Comparison of singer's formant, speaker's ring, and LTA spectrum among classical singers and untrained normal speakers. Barrichelo, V. M O.; Heuer, R. J; Dean, C. M; and Sataloff, R. T Journal of Voice, 15(3):344-350.
Comparison of singer's formant, speaker's ring, and LTA spectrum among classical singers and untrained normal speakers [link]Paper  doi  abstract   bibtex   
Many studies have described and analyzed the singer's formant. A similar phenomenon produced by trained speakers led some authors to examine the speaker's ring. If we consider these phenomena as resonance effects associated with vocal tract adjustments and training, can we hypothesize that trained singers can carry over their singing formant ability into speech, also obtaining a speaker's ring? Can we find similar differences for energy distribution in continuous speech? Forty classically trained singers and forty untrained normal speakers performed an all-voiced reading task and produced a sample of a sustained spoken vowel /a/. The singers were also requested to perform a sustained sung vowel /a/ at a comfortable pitch. The reading was analyzed by the long-term average spectrum (LTAS) method. The sustained vowels were analyzed through power spectrum analysis. The data suggest that singers show more energy concentration in the singer's formant/speaker's ring region in both sung and spoken vowels. The singers' spoken vowel energy in the speaker's ring area was found to be significantly larger than that of the untrained speakers. The LTAS showed similar findings suggesting that those differences also occur in continuous speech. This finding supports the value of further research on the effect of singing training on the resonance of the speaking voice.
@article{barrichelo_comparison_2001,
	Author = {Barrichelo, Viviane M Oliveira and Heuer, Reinhardt J and Dean, Carole M and Sataloff, Robert T},
	Date = {2001},
	Date-Modified = {2017-04-19 08:04:06 +0000},
	Doi = {10.1016/S0892-1997(01)00036-4},
	Issn = {08921997},
	Journal = {Journal of Voice},
	Keywords = {acoustic phonetics, phonetics, prosody, singing voice, voice quality},
	Number = {3},
	Pages = {344-350},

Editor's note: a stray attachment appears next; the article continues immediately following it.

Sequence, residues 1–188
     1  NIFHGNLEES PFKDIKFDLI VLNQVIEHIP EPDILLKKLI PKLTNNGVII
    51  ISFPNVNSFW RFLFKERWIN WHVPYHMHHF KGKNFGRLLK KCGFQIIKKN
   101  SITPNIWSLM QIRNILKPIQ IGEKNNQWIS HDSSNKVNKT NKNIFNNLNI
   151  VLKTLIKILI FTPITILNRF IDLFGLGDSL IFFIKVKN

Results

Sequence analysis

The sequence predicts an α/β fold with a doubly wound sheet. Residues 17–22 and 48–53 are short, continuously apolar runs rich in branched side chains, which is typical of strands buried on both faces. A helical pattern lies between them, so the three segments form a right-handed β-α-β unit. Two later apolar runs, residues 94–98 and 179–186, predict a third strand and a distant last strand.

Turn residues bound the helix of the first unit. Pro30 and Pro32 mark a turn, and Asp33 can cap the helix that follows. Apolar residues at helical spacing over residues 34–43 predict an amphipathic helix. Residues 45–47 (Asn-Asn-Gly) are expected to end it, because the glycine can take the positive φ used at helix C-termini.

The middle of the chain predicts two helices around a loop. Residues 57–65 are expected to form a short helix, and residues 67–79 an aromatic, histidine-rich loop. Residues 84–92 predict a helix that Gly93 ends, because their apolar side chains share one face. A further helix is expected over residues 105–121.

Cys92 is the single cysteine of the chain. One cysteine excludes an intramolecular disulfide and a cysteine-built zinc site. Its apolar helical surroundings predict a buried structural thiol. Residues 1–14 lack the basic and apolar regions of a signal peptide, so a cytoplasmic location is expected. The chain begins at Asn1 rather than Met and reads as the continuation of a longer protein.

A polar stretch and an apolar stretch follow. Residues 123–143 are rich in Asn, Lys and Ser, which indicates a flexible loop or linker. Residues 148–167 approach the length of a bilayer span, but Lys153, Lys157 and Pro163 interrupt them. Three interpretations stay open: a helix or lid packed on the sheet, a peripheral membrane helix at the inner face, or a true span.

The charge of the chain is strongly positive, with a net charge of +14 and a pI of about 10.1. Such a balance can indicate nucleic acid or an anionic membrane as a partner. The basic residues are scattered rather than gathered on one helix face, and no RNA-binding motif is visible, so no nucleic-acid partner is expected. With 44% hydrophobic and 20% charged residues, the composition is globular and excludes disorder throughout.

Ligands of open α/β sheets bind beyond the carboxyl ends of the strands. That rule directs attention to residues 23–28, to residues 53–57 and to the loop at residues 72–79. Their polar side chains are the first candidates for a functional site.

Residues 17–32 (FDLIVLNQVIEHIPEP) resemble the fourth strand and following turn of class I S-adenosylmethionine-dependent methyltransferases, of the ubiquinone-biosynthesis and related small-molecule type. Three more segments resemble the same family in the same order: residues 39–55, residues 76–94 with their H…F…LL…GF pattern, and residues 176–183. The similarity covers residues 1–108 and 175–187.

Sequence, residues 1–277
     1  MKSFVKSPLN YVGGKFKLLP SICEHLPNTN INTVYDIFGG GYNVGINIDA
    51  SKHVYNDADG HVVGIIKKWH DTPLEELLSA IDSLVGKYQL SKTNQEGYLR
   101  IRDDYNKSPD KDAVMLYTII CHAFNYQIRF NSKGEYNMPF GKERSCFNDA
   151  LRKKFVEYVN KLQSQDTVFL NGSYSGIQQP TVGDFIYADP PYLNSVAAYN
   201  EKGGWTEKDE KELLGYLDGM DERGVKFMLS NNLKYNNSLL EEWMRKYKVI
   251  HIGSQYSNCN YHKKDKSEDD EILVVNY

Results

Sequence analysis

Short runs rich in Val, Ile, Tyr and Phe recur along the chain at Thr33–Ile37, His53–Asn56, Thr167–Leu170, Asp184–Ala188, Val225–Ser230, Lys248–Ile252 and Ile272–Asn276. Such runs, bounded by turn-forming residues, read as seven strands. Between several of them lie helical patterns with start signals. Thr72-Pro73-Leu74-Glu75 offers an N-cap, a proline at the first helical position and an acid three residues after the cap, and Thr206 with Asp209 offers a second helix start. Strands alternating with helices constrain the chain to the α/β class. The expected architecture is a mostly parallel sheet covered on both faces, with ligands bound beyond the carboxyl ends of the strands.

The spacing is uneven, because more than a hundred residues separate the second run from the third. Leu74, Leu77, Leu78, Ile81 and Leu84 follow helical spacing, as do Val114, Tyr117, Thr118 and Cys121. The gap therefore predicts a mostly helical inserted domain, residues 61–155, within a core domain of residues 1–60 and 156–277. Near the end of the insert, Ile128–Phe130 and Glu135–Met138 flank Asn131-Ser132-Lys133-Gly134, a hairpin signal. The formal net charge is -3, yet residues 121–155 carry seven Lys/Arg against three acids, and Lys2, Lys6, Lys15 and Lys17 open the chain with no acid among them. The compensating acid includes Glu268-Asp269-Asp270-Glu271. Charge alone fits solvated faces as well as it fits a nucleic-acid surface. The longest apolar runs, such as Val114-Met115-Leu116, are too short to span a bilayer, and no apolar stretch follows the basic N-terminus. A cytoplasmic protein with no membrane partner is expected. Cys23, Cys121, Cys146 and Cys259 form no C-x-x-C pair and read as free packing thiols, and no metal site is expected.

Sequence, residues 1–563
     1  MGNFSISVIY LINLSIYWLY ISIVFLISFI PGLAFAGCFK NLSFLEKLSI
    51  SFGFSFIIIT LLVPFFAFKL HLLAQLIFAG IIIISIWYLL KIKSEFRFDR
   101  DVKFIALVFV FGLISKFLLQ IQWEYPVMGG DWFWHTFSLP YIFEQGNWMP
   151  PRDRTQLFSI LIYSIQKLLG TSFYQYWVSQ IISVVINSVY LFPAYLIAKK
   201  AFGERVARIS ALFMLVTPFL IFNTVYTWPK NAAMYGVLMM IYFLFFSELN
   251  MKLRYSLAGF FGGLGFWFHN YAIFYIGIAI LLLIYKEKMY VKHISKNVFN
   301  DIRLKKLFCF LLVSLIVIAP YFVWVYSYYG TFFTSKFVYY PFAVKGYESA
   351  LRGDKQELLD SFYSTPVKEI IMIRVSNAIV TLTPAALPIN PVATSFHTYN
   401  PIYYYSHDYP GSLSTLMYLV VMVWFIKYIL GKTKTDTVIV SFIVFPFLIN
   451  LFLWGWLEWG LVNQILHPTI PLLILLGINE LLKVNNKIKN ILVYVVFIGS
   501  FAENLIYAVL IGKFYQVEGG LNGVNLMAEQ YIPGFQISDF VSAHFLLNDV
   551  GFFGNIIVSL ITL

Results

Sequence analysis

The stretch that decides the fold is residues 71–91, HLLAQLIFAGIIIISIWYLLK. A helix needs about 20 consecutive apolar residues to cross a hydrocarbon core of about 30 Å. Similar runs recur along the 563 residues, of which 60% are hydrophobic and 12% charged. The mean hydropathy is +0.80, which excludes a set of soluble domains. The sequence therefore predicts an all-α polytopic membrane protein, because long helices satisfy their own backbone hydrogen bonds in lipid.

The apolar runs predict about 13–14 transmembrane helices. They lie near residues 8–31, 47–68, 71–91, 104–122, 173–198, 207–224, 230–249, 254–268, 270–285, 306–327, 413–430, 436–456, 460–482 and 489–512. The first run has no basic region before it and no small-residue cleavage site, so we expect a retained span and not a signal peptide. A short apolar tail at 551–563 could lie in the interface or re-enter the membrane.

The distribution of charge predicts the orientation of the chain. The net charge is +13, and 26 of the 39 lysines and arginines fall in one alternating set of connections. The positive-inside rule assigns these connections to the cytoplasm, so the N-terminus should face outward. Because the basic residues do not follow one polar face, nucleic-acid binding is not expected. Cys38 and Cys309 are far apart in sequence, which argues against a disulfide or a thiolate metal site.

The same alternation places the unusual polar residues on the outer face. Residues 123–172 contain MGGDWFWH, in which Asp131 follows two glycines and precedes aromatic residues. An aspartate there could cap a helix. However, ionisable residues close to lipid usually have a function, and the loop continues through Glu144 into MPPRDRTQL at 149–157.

Title = {Comparison of singer's formant, speaker's ring, and LTA spectrum among classical singers and untrained normal speakers},
	Url = {http://linkinghub.elsevier.com/retrieve/pii/S0892199701000364},
	Volume = {15},
	Abstract = {Many studies have described and analyzed the singer's formant. A similar phenomenon produced by trained speakers led some authors to examine the speaker's ring. If we consider these phenomena as resonance effects associated with vocal tract adjustments and training, can we hypothesize that trained singers can carry over their singing formant ability into speech, also obtaining a speaker's ring? Can we find similar differences for energy distribution in continuous speech? Forty classically trained singers and forty untrained normal speakers performed an all-voiced reading task and produced a sample of a sustained spoken vowel /a/. The singers were also requested to perform a sustained sung vowel /a/ at a comfortable pitch. The reading was analyzed by the long-term average spectrum (LTAS) method. The sustained vowels were analyzed through power spectrum analysis. The data suggest that singers show more energy concentration in the singer's formant/speaker's ring region in both sung and spoken vowels. The singers' spoken vowel energy in the speaker's ring area was found to be significantly larger than that of the untrained speakers. The LTAS showed similar findings suggesting that those differences also occur in continuous speech. This finding supports the value of further research on the effect of singing training on the resonance of the speaking voice.},
	Bdsk-Url-1 = {http://linkinghub.elsevier.com/retrieve/pii/S0892199701000364},
	Bdsk-Url-2 = {http://dx.doi.org/10.1016/S0892-1997(01)00036-4}}
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